There are good reasons for the death-plus-resurrection trope. The death of a character can evoke strong emotions in readers, which is often a goal of the story. Furthermore, some deaths, especially of mentor figures, are useful for increasing the sense of jeopardy experienced by the hero. This also gives the hero the chance to become more self-reliant.
However, the plot may require additional information from the mentor, which may lead to a partial resurrection of the mentor (such as how Dumbledore talks out of his portrait in Harry Potter). Another reason for returning the mentor to the story is to give the readers a happy ending (an example is the return of a more powerful Gandalf in "The Lord of the Rings").
Books in a Series may be less absurd when each book is viewed alone. However, when you observe them as a whole, they often contain credibility-straining elements. For discussion purposes, let's consider a few famous detective series.
Murder mysteries are extremely popular, but audiences may occasionally wonder just how many times a particular individual can get involved in them. Now, being involved in murders is quite understandable for series in which members of the police force in are the protagonists, as in the New Mexico-based novels by Tony Hillerman or those set in Venice written by Donna Leon. It can even be excused for those who are hired by the police, such as Agatha Christie's Hercule Poirot. But the amateur sleuths Miss Marple and Jessica Fletcher are involved with so many murders that one has to wonder if they might somehow be causing them. Never, ever invite either of these ladies to dinner -- these women are bad luck! The same principle can apply to some other types of series: just how many adventures can a single individual endure?
In some series, characters never age. When I was little (a long time ago) I read all the Nancy Drews. Besides wondering why the girls weren't going to college while the boys were (Nancy Drew finally started attending college in 1995) I wondered how she could be involved in so many incidents without aging.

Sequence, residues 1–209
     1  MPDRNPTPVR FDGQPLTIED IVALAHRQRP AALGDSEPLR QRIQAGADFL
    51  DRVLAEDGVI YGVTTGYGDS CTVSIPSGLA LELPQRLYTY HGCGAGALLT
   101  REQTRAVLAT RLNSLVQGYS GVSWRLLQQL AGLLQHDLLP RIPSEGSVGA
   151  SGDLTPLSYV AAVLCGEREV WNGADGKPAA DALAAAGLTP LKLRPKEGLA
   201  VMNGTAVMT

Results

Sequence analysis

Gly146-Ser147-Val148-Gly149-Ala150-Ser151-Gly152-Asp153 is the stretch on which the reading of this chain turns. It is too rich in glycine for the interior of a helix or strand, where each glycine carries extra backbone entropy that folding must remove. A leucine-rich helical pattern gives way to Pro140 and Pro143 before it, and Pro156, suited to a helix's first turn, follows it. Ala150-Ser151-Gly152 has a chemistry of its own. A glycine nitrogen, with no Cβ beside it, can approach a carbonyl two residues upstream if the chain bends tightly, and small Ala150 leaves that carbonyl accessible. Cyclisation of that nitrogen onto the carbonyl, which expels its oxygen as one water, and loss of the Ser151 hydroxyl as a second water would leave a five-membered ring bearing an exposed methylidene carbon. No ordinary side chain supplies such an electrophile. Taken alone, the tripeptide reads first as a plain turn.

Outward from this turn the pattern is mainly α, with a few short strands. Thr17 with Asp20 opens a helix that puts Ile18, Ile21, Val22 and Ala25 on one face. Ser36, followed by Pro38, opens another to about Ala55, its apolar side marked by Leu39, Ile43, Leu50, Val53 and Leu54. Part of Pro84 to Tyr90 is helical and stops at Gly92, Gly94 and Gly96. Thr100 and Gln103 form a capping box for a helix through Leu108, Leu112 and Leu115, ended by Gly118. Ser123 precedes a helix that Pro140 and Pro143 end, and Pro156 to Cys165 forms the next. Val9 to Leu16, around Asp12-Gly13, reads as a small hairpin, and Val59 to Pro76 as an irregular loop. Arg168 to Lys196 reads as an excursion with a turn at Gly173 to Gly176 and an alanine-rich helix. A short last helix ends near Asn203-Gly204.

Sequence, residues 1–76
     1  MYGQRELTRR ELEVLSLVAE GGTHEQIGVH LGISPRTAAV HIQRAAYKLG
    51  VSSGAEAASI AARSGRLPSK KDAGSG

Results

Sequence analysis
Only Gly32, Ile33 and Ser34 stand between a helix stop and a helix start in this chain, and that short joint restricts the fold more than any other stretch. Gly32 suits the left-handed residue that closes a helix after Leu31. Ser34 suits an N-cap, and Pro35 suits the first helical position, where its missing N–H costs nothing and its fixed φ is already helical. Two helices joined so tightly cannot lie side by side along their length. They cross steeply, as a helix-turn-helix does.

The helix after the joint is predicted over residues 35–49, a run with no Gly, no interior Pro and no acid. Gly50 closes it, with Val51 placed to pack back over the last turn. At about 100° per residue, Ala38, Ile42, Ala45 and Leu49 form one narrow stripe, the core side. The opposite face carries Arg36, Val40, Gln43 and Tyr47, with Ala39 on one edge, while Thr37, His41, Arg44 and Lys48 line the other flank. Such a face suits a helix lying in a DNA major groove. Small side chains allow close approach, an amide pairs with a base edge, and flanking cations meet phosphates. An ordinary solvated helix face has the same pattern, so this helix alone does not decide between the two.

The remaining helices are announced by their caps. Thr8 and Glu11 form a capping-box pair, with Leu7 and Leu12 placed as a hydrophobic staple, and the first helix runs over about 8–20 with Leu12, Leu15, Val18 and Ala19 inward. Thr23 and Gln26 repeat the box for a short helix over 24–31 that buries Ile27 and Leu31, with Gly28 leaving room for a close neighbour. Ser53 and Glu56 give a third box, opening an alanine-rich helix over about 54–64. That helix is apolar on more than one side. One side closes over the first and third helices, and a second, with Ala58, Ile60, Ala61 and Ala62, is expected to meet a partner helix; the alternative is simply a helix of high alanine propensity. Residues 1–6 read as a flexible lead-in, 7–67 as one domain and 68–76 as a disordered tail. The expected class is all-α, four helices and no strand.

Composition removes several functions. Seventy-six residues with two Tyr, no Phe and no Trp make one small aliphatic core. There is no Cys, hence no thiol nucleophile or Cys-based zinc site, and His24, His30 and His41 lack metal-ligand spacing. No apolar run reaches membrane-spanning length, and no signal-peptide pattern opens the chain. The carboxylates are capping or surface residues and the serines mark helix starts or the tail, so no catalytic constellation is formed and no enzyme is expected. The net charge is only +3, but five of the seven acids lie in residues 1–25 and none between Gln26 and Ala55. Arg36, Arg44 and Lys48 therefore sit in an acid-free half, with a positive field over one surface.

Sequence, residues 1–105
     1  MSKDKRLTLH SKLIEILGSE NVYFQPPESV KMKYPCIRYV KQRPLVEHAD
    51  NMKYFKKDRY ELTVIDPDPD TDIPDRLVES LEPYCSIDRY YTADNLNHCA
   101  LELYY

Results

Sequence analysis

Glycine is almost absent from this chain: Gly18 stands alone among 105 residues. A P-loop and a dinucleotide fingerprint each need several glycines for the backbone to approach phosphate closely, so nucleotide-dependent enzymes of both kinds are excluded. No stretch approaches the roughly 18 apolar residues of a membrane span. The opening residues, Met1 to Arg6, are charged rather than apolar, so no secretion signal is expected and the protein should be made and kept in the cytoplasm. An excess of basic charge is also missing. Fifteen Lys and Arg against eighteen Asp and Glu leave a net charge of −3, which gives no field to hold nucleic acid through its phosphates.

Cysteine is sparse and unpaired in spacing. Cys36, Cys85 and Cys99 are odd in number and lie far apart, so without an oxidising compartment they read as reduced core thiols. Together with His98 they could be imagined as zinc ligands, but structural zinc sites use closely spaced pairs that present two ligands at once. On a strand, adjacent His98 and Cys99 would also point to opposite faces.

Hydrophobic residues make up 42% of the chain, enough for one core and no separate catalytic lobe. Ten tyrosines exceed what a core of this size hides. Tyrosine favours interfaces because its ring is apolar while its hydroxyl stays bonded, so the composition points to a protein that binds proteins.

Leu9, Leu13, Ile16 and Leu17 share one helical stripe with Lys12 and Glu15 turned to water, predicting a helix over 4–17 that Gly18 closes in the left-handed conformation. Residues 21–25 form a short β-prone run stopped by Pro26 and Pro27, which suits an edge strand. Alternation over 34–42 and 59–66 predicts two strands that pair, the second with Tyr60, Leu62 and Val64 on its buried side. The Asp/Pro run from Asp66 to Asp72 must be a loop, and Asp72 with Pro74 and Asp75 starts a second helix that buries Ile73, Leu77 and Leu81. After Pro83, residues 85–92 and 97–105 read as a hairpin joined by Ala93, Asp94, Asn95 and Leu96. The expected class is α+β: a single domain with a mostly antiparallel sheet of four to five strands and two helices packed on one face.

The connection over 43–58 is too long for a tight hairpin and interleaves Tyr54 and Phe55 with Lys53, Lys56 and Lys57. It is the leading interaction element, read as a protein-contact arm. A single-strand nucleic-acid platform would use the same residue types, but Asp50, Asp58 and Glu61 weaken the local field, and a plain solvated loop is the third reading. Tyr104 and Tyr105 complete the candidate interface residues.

Even when you plan to age your characters naturally, you can still encounter problems. Agatha Christie began writing about Hercule Poirot in 1920, at which point she made him a retired policeman from Belgium. It was rather awkward to be still writing about him in 1975; how long was the man supposed to live? Miss Marple was an elderly spinster when she appeared in a short story by Christie in 1926; Christie's last Miss Marple novel was published in 1971. Christie had no idea that these detectives would prove so popular or that her career would last so long. What is an author to do when the audience wants more? Stop writing? That's bad for the bank account and does not satisfy the audience. Keep the stories set in the past? This is also not as satisfying to the audience, which may want a contemporary story. I think we can all understand why Christie continued to write and just moved her characters along with time, hoping that readers would not be too particular about lining up the math and the passing years.
Perhaps I'm poking too many holes in the soufflé of escapist literature. After all, escapism may be full of hot air, but it can be both enjoyable and artistic. I have certainly enjoyed my fair share of it.
If these absurdities bother you a great deal, you shouldn't attempt to deal with them in your own writing; instead, seek fictional situations where you can respect your own work. If these absurdities bother you a little, that may actually be a bonus. The niggling may spur you to be creative and come up with interesting and different solutions.
On the other hand, life is sometimes absurd, so perhaps we should not mind absurdity in our fiction. Next time, we'll consider some ways in which fiction -- in my opinion -- makes more sense than real life.
This article may not be reprinted without the author's written permission.